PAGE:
Table 2.14 presents an analysis of overcrowding (occupancy rating -1) in each class of
tenure across the four main religious categories. In total, 59 per cent of residents living
in overcrowded households were or had been brought up as Catholics, 33 per cent as
Protestants, 1.6 per cent in Other religions, and 6.5 per cent had No religion. The
overall pattern was repeated across all tenure types, with the largest Catholic
Protestant differential occurring in the Owner-occupied sector, at 63 per cent and 32
per cent respectively

Table 2.14 Overcrowding (occupancy rating 1) by Type of Tenure and Religion or
Religion brought up in, Census 2011

Tenure
Catholic
%
Protestant and Other
Christian
%
Other
Religions
%
None
%
All residents living in households 59.2 32.7 1.6 6.5

Owner occupied 62.6 32.2 0.9 4.3
NIHE 56.4 36.5 0.7 6.4
Housing association 59.7 31.4 1.8 7.0
Private rented 55.0 31.1 3.4 10.5
Source: NINIS, NISRA (2013) Table DC2417NI
Factors implicated in the differential in overcrowding across the religious categories
may include a sharp decline in house building in recent years, a growth in the number
of households, and the younger age-profile and larger household size of the Catholic
population (see section 2.7 below).

2.9 Religion / Religion brought up in and Household Size
The demographic structure of households in Northern Ireland has changed significantly
over the past fifty years. In 1961, around half of Northern Irelands population,
representing 28 per cent of all households, lived in accommodation containing 5 or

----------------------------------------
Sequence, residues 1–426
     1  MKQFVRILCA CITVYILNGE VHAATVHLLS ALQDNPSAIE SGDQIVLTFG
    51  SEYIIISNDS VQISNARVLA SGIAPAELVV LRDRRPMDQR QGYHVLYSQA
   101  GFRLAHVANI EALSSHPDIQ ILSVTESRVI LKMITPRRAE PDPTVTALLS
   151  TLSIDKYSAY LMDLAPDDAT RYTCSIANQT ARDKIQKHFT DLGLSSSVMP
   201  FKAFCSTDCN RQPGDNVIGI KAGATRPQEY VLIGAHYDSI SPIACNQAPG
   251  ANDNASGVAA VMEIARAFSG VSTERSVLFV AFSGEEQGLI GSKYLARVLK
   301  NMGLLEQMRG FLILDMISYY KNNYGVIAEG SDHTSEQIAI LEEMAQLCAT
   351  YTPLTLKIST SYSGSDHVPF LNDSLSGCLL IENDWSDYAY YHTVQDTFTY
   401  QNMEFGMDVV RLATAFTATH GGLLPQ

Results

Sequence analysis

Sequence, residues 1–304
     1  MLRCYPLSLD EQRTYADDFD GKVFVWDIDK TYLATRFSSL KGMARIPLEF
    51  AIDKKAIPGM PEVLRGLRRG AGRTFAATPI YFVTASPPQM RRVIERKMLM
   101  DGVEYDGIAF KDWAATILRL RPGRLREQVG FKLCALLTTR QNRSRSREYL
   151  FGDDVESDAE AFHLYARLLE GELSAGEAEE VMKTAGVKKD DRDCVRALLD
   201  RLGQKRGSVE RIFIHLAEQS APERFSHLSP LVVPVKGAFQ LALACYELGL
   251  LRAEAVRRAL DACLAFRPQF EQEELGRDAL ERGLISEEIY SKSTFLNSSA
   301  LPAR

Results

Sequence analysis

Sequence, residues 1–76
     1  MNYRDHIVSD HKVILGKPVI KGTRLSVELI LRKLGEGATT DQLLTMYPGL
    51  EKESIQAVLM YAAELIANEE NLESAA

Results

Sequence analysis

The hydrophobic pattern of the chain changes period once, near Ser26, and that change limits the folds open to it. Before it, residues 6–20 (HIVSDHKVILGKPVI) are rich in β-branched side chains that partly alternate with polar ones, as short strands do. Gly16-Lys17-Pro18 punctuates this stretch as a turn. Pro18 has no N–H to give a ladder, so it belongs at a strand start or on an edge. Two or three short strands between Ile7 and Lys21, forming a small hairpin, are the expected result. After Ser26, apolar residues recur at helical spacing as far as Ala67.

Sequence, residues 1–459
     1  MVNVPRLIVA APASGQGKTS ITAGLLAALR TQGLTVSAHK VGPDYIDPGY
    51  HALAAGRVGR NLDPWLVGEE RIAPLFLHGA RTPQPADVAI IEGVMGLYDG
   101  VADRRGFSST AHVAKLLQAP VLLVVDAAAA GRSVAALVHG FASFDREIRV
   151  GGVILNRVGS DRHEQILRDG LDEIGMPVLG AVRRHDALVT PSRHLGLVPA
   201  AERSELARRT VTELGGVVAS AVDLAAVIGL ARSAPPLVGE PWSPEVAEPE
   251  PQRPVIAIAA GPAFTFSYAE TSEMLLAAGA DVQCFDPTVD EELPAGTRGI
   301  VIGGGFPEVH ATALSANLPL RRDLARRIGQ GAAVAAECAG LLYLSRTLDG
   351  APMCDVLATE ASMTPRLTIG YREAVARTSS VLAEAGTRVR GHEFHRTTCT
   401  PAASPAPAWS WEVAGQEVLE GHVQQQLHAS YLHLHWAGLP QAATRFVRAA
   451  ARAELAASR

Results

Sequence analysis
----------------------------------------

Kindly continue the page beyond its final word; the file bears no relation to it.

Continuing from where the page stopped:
more people. By 2011 this proportion had fallen to 22 per cent (10 per cent of
households), see Figure 2.10.
Over the same period, the proportion of households containing up to two people
increased from around a third (35 per cent) to over half (58 per cent), with that for
single person households up from 12 per cent to 28 per cent. As a result, the average
household size fell from 3.70 in 1961 to 2.54 in 2011
16
.
Based on the community background of the Household Reference Person (HRP)
17
, in
2011 the average household size was largest among those from a Catholic community

16
NISRA (2013) Detailed characteristics. Op cit.
17
The Household Reference Person (HRP) is chosen on the basis of their economic activity (in the priority order: full-time job,
part-time job, unemployed, retired, other). In a couple family, if both persons have the same economic activity, the HRP is
NIAR 397-13 Research Paper
Northern Ireland Assembly, Research and Information Service 30
background (2.72 persons), followed by No religion (2.54), Other religions (2.50) and
Protestants (2.41).

Figure 2. 10 Household Size, 1961 and 2011

Source: NISRA (2013) Fig 2.21, Statistical Bulletin, Detailed Charachteristics, 16 May 2013

Households with five or more persons were more likely to be occupied by persons from
a Catholic community background (56 per cent) than those from a Protestant
background (40 per cent). In contrast, 56 per cent of HRPs who lived alone belonged
to or were brought up in Protestant denominations, while 39 per cent were Catholic.

Table 2.15 Household size by Religion or Religion brought up in of HRP, Census 2011


Household Size